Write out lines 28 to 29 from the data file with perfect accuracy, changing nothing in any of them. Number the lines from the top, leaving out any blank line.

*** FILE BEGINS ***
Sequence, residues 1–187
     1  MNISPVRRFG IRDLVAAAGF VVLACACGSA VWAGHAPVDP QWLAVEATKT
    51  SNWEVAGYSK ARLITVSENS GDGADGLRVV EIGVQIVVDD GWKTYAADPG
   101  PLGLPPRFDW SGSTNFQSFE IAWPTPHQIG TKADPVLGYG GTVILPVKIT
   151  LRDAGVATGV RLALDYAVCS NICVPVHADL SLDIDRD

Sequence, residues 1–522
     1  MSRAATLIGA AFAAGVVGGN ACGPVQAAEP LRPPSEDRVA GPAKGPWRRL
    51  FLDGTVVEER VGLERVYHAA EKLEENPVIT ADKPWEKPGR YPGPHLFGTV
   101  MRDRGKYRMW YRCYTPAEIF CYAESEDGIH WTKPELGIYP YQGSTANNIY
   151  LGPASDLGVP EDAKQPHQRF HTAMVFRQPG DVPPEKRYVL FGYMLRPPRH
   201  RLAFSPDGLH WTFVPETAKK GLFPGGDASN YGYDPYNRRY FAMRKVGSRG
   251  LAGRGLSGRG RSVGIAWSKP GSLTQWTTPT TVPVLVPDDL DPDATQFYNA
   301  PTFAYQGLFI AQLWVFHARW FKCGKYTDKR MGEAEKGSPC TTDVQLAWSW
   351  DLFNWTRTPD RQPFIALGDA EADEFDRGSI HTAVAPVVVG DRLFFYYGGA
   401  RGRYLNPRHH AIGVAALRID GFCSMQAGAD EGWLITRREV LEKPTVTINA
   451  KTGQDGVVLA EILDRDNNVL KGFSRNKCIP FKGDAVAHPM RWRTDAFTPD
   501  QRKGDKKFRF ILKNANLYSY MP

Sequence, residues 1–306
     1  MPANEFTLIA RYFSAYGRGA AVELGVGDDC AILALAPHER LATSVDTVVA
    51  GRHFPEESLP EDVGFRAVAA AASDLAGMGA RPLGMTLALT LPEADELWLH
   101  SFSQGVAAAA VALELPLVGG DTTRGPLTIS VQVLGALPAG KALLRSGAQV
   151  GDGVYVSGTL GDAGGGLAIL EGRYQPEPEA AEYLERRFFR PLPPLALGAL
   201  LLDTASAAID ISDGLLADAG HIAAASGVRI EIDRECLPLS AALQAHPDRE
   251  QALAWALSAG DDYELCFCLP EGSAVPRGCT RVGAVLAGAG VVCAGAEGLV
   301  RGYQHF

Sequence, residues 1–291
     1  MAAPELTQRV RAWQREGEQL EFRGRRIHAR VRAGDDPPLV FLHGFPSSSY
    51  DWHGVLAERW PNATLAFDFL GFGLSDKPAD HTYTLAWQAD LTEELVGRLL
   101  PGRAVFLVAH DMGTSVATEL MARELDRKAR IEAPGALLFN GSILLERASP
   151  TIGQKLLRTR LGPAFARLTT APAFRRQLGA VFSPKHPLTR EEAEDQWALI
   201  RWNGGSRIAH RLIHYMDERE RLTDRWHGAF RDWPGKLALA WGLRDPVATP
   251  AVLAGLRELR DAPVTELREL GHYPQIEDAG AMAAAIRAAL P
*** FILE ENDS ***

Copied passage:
    51  DWHGVLAERW PNATLAFDFL GFGLSDKPAD HTYTLAWQAD LTEELVGRLL
   101  PGRAVFLVAH DMGTSVATEL MARELDRKAR IEAPGALLFN GSILLERASP